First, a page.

With the image of Dolly, the ovine clone, gracing the cover of his debut, Science Will Figure You Out, leader Tim Howard makes it known his own DNA carries a healthy string of cynicism. But what separates him from the average jaded songwriter is strong imagery, original metaphors, and a combination of humor and poignancy. Musically, the record recalls the Silver Jews' country offerings run through Smog's lo-fi recording equipment (Howard's banjo anchors many of the songs). With Mobius as the backing band, Howard sketches 12 tales (and one instrumental) of misunderstandings, regrets, and disappointments in his inimitable style. He uses clever lines -- like "I miss her now and then/Now and then I really can't remember when" from "Bottomfeeder" -- and extended metaphors, as in "Communist Love Song" ("It was well-conceived in theory/But it doesn't work in life") to give voice to the bitter, miserablist lurking within. Howard's wordplay forms an effective bulwark against the record's blemishes. There aren't many, but the drone-like quality of his voice can exact a toll after a while (Howard uses the same flat monotone the Jews' Dave Berman favors) and he's not beyond the occasional self-indulgent lyric ("Sometimes I like to sit around/Think of witty things to say and write them down," from "I Am Sitting in a Room"). None of the record's flaws, however, are enough to detract from what is a promising first step.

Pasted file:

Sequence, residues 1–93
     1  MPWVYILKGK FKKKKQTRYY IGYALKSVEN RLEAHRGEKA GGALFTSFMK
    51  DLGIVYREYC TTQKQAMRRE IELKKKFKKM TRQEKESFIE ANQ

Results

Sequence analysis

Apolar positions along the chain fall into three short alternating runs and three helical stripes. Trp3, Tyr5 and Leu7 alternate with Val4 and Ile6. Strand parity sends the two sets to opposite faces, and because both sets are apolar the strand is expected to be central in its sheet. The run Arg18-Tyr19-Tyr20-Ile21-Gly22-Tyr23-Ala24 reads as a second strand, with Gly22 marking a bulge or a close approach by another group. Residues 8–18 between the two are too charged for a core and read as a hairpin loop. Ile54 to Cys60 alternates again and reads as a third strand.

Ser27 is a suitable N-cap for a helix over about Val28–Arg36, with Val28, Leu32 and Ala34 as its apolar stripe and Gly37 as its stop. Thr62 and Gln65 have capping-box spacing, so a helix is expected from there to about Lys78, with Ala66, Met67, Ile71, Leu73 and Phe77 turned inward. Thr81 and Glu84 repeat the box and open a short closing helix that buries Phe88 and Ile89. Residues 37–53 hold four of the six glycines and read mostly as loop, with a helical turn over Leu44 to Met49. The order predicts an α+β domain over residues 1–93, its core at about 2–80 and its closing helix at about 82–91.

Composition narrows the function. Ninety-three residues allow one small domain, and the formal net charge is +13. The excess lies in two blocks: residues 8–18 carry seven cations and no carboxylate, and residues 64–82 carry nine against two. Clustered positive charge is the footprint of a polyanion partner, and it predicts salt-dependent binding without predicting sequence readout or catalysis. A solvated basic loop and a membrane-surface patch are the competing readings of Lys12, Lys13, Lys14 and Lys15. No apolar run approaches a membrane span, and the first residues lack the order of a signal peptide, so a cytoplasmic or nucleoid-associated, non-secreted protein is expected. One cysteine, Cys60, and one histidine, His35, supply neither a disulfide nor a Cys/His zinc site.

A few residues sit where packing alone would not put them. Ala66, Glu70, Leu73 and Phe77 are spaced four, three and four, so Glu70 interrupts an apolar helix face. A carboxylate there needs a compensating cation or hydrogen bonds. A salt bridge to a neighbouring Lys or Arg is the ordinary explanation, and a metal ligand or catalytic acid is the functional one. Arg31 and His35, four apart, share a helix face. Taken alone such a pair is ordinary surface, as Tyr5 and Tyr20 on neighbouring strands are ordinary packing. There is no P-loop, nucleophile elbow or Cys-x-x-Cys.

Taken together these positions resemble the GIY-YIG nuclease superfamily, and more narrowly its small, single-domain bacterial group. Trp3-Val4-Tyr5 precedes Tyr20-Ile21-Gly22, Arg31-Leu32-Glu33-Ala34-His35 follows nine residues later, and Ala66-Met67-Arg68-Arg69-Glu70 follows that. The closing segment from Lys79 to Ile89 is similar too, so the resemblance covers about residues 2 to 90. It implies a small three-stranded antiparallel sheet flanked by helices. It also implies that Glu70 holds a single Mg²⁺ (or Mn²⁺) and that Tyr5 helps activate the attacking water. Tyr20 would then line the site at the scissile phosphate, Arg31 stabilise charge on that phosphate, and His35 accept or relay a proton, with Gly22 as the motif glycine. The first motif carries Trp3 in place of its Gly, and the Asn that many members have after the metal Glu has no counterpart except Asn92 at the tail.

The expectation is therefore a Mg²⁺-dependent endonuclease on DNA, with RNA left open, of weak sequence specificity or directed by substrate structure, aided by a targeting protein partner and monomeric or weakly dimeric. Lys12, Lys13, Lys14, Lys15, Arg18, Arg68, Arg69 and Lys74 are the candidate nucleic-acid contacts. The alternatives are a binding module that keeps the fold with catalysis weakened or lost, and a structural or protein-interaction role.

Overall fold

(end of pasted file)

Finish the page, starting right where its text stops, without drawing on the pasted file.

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AllMusic Review by John Schacht